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Cole Haan has recieved a warning from the Federal Trade Commission regrading their recent "Wandering Sole Pinterest Contest." At stake was a $1,000 Cole Haan gift card—just create a "My Wandering Sole" board on Pinterest, re-pin at least five Cole Haan shoe images, and tag the posts #WanderingSole. Pretty standard stuff, right?
The FTC says the boards created for the contest "were endorsements of the Cole Haan products, and the fact that the pins were incentivized by the opportunity to win a $1,000 shopping spree would not reasonably be expected by customers who saw the pins," according to Slate. Translation: Your friends on Pinterest might not know you were making a Wandering Sole board in effort to win a prize from Cole Haan, and they might think you just really, really like Cole Haan.
So what, exactly, does the FTC expect of brands holding social media contests? Eric Goldman, a professor of Internet and advertising law and director of the High Tech Law Institute at Santa Clara Law explained to Slate that "the FTC wanted Cole Haan to tell its Pinterest users to label the posts as part of the contest, and then it wanted Cole Haan to go and double check that all of the users had done that labeling. It's part of the whole phenomenon of the FTC thinking that it can police inauthentic content online."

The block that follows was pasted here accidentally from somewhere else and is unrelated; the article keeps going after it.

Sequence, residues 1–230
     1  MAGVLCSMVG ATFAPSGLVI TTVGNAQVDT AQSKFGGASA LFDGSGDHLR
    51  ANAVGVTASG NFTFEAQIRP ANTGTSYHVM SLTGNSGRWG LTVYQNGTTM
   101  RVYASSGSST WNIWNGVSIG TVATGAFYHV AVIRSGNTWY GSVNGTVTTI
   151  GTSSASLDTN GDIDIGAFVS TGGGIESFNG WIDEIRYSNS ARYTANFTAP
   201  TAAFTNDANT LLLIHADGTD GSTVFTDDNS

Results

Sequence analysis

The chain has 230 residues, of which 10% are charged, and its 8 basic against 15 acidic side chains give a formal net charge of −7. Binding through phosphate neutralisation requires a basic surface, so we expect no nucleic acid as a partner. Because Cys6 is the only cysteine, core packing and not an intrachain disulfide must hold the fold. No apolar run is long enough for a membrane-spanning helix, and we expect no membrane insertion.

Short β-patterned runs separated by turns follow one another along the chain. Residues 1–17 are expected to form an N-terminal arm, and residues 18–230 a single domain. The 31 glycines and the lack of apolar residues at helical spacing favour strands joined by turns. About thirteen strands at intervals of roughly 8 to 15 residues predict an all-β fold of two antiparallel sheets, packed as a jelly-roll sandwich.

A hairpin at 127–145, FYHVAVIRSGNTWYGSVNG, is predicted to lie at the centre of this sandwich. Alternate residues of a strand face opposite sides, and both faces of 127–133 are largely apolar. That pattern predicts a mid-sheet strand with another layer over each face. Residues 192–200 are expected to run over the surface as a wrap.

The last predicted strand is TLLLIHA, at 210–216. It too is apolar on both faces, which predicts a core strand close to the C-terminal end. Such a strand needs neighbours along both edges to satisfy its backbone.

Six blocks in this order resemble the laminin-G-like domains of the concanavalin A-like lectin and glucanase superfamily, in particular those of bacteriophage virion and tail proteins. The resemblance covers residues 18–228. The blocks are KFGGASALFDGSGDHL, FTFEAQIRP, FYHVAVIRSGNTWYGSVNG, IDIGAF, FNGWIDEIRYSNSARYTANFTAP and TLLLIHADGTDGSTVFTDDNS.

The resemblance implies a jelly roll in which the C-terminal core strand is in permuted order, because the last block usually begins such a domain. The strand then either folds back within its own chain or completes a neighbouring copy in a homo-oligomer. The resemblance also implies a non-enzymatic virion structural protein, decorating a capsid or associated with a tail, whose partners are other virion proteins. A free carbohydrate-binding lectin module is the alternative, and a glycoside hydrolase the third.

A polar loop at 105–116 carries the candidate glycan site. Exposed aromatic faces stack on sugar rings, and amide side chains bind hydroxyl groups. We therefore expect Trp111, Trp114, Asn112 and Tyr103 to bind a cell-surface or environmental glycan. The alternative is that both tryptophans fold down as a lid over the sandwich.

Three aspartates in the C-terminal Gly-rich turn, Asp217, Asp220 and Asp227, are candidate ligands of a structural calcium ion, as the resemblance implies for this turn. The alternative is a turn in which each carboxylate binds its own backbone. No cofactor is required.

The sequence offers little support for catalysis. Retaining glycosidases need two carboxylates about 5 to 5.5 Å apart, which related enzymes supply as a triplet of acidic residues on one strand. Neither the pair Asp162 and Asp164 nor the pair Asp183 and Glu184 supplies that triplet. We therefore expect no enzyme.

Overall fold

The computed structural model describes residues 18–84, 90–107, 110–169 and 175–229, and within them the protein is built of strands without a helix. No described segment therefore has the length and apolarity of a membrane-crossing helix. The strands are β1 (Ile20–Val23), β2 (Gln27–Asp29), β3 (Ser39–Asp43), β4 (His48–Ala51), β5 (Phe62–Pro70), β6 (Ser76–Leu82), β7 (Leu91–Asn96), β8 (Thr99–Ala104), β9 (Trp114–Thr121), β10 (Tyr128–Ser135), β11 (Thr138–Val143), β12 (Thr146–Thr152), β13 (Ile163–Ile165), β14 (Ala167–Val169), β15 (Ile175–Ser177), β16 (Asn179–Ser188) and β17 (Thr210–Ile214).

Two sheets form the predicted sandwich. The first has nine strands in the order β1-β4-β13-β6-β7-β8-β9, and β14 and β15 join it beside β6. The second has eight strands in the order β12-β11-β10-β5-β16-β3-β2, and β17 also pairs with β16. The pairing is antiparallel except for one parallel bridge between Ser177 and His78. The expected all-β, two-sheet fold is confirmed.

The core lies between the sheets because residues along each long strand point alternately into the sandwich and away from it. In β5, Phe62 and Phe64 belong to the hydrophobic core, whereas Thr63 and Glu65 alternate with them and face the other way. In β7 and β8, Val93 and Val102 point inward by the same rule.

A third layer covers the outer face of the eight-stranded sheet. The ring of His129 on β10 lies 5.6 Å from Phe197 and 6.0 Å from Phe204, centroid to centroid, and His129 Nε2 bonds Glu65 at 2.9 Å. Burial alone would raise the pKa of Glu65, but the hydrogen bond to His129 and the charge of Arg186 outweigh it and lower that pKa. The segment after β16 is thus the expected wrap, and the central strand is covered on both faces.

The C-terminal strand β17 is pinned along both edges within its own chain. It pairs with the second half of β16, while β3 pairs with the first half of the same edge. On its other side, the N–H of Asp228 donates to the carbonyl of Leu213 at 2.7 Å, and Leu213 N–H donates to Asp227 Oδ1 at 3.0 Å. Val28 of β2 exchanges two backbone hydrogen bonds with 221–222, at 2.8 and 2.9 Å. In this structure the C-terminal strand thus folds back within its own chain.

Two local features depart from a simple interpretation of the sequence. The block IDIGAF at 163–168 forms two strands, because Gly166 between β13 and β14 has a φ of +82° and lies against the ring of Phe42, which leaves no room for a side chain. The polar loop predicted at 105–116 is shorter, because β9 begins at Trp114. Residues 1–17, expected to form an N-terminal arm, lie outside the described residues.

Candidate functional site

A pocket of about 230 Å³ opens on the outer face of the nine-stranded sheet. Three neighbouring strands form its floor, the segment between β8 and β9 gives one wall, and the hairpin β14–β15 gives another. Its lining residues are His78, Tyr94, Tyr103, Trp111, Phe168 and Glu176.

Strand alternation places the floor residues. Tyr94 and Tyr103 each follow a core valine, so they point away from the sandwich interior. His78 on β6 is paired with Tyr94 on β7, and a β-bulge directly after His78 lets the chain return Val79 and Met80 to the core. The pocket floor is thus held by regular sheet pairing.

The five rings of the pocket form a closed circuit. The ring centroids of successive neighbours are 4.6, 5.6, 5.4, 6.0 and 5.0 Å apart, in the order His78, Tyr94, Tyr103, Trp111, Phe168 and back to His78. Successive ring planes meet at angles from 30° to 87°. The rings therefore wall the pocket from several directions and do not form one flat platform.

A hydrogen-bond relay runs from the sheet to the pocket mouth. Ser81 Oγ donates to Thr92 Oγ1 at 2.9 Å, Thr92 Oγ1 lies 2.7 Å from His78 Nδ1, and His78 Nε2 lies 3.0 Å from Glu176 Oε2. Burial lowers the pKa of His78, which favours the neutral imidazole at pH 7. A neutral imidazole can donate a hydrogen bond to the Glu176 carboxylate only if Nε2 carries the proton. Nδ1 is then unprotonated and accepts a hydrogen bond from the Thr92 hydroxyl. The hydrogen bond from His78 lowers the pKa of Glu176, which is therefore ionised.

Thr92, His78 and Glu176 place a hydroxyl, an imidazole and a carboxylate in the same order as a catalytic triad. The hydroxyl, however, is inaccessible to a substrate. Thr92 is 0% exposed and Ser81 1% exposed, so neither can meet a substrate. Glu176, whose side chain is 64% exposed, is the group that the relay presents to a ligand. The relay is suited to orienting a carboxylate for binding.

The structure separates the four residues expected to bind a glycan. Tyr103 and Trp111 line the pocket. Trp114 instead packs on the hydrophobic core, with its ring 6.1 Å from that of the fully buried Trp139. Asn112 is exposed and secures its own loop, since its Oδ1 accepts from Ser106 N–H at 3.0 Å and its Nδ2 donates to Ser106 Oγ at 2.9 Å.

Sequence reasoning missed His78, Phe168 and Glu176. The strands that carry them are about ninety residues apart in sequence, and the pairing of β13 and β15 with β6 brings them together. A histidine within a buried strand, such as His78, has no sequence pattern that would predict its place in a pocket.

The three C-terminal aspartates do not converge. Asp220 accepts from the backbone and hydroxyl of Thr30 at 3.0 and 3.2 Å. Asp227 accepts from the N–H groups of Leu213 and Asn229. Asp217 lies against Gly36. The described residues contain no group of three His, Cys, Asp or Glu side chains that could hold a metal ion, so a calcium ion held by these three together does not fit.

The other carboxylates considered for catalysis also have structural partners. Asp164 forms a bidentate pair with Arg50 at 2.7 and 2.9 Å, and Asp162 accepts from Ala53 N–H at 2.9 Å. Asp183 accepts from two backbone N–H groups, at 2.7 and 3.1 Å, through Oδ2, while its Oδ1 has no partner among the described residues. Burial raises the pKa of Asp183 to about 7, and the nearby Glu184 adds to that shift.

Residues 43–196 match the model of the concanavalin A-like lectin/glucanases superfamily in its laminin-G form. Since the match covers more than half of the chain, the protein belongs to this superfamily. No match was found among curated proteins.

The brand got off with a warning, but it does punctuate the road of social advertising. "I would say that this serves as a caution to retailers working in the social media space about the importance of disclosing any potential motivations other than interest," says Ted Mermin, executive director of the Public Good Law Center and a professor of consumer law at UC–Berkeley School of Law. Expect to hear a lot in coming months about what point in the incentive versus reward process a social media post deserves to be labeled "#ad."
· Cole Haan Pinterest Shoe Contest Draws FTC's Ire [Slate]
· The FTC Is Making Reebok Fork Over $25M Because, as It Turns Out, Their Toning Sneakers Don't Do Any Extra Toning [Racked]